Wednesday, September 19, 2012

The Mercantile/Fascist Origins of Public/Private Partnerships.

Below is a statement I made to the city council regarding public private partnerships.

"I wanted to talk today about Public/Private partnerships. It seems like most of the council and the Mayor thing Public/Private partnerships are a successful panacea to get things done. Well, I think much of this depends on what we mean by successful, getting things done, and at who's expense when it does get done.

"Public/Private partnerships are nothing new. It might be a relatively new word, but the concept actually goes back centuries. In fact do you know what the technical definition of fascism is? According to Mussolini, fascism, or "the Third Way" was the merging of big business/ with big government. Fascism, in Mussolini's mind, was sort of a compromise between free market, and socialist philosophies. The government still get's to control things, and businesses still get to make money -- as long as the businesses do what the government wants.

"This was not a new concept. 200 years prior this exact same philosophy that Mussolini thought he invented was called Mercantilism. Again, where government, through subsidies, monopoly grants of privilege, licensure, and other sorts of "partnerships" with private actors determined what was and wasn't done. Adam Smith wrote his "Wealth of Nations" explaining why we don't need government picking and choosing what projects we need. The government doesn't need to make decisions about whether we need tennis courts, or businesses downtown, or whatever. Individuals, can make decisions about what they, and society needs, and how to spend their money and manage heir own business and personal lives, better then government.

"What's interesting is that when you read Karl Marx's Communist Manifesto 100 years later. It was supposedly against capitalism, but really every single example Marx cited, was actually an example of Mercantilism. Again: Big business/big government partnership. (See Straw Men and Ham Sandwiches by B K Marcus)

"There's a reason, why both socialists and free market advocates are opposed to public/private partnerships. It's because historically, the only people who get wealth redistributed to them are the politically connected rich, and the only thing the public gets, are the losses.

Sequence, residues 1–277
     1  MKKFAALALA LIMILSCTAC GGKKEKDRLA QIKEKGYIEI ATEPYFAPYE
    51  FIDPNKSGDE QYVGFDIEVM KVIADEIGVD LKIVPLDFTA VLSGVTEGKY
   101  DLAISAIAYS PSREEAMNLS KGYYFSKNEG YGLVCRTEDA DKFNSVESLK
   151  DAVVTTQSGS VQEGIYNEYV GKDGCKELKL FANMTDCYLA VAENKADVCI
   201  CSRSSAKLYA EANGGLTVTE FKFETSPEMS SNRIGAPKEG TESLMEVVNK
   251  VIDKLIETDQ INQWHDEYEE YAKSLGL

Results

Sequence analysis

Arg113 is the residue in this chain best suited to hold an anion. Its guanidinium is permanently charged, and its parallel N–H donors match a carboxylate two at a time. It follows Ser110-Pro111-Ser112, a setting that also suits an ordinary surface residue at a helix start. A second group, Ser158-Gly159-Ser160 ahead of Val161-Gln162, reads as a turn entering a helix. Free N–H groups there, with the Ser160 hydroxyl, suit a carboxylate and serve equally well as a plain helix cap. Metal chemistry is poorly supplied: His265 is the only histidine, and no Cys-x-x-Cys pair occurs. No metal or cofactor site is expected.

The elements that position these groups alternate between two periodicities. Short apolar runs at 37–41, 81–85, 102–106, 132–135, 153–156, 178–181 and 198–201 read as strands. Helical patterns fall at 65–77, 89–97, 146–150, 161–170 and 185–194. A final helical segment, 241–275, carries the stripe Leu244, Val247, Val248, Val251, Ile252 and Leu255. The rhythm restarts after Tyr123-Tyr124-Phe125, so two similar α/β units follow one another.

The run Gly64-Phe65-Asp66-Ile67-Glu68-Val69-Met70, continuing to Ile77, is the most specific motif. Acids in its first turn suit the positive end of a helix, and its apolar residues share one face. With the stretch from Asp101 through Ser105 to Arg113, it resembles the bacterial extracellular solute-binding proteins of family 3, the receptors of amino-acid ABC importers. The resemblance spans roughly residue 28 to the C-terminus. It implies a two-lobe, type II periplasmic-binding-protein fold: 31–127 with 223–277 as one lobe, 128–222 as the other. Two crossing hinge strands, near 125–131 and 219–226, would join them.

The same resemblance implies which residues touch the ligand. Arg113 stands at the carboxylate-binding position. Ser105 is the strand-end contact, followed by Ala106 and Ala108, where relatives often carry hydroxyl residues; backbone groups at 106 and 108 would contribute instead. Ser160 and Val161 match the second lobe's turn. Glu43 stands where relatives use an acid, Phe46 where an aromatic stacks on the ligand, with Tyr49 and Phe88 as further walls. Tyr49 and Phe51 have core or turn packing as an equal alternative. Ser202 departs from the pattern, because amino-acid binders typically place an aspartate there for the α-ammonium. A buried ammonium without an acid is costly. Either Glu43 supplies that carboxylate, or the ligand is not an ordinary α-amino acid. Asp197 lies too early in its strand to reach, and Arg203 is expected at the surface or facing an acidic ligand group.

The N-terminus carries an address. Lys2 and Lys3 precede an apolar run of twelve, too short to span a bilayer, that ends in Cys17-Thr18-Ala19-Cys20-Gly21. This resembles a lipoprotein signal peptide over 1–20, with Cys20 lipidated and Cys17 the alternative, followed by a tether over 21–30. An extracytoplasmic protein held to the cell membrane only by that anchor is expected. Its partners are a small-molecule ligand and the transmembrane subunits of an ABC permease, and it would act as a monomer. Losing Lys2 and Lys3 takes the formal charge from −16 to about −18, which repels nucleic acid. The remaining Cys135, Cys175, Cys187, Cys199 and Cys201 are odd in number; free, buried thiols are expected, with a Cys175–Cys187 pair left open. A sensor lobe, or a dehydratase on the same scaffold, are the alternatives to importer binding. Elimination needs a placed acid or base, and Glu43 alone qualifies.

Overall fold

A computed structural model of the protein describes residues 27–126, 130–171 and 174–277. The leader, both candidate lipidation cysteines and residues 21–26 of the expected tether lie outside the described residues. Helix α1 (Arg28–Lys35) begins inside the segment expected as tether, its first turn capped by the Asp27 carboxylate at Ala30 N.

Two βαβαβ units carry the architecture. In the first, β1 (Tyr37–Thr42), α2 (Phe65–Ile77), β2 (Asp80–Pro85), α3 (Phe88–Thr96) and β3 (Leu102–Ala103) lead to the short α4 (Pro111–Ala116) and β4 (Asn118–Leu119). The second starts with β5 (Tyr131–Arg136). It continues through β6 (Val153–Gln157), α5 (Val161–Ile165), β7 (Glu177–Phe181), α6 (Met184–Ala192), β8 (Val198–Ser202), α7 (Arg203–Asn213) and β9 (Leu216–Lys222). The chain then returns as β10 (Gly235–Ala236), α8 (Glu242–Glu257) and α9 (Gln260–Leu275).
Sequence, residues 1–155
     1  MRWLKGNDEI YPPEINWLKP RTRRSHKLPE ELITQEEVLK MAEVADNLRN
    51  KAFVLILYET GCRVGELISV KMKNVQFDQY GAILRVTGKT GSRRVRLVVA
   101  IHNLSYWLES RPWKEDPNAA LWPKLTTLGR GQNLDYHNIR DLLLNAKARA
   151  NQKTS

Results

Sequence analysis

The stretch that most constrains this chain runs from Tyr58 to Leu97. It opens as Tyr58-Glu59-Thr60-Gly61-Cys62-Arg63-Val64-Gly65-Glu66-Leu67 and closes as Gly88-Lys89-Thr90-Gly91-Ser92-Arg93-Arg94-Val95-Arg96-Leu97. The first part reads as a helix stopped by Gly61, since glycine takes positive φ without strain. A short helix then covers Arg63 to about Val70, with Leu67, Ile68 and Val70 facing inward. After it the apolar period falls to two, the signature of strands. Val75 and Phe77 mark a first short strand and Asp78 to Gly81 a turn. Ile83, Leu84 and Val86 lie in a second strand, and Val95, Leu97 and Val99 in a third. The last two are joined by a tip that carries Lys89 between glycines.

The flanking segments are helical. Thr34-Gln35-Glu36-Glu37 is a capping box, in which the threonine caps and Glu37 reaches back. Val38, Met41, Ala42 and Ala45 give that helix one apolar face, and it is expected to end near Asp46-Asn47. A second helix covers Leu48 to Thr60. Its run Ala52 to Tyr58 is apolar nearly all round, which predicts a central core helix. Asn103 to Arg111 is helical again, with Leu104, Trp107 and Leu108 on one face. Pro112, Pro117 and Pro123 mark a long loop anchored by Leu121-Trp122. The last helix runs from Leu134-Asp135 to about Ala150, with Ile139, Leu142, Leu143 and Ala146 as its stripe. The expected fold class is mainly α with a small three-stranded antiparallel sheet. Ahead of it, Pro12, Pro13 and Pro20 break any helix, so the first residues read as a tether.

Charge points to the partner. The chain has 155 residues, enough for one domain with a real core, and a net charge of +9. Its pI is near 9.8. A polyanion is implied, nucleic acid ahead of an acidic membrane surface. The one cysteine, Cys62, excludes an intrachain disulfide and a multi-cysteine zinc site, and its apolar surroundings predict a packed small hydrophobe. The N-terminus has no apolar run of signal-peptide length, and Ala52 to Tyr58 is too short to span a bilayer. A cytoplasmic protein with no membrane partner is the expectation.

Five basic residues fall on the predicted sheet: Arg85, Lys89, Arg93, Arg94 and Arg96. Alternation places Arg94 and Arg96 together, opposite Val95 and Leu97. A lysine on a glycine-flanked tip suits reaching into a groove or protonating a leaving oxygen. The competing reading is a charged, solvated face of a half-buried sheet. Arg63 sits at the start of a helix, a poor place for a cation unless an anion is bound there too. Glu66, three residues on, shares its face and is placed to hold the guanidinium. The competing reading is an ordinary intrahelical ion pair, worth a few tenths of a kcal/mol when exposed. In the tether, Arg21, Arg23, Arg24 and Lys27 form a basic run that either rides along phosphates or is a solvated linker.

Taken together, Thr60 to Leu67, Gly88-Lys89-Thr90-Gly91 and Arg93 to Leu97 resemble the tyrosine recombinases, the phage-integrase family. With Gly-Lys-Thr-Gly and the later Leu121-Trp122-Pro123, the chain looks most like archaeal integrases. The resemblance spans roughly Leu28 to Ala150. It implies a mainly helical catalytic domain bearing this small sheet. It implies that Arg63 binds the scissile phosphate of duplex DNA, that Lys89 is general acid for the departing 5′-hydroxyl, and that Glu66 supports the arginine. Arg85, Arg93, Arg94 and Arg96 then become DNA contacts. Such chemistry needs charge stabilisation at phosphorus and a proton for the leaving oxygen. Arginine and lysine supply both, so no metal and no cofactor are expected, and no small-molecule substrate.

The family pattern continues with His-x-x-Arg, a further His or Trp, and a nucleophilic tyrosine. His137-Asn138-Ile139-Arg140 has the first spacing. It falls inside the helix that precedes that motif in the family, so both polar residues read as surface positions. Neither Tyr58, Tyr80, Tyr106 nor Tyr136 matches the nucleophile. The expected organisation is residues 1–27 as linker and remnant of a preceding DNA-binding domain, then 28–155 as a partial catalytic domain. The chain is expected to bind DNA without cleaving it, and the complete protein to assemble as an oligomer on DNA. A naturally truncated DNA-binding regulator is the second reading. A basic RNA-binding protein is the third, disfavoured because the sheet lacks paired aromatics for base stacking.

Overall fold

And we have numerous examples of this in our city. The Pavilion for instance: The private people that helped fund that -- they made some money, but now that it's a sink-hole it's the taxpayers that are paying for the loss. The same thing's going to happen with swimming pools, ice centers, and tennis courts. If they make any money, the private contributors will make some money. But if it generates a loss, they're off the hook. But the taxpayers are expected to hold the tab.

The CORE program is another perfect example of this Mercantile philosophy. Why is the city, deciding that downtown is so important that it's OK to steal from taxpayers and businesses that aren't so politically connected, and giving corporate welfare to businesses downtown. Frankly, I was appalled that people like Erpenbach, and Agular. Liberals who supposedly care about help the little guy, supporting the continuation of the "Socialism for Rich People," Which is what the CORE program really is. This Greenway project is another example. Why are the taxpayers paying to, increase the property values, of big business, at the expense of their livelihood? 

Another example of this is the Diversity center. You can also be sure, that if the Diversity center was responsible for raising all of it's own money, it would have much better customer service and vender relations then what we heard here last week. We need to get them off the public dole, if there's any hope of straightening that place out -- and I'll remind you this isn't the first time there's been issues with the diversity center.

Public/private partnerships are basically nothing more then wealth transfers buy the government from the poor to the wealthy. It's time the city council started thinking differently.


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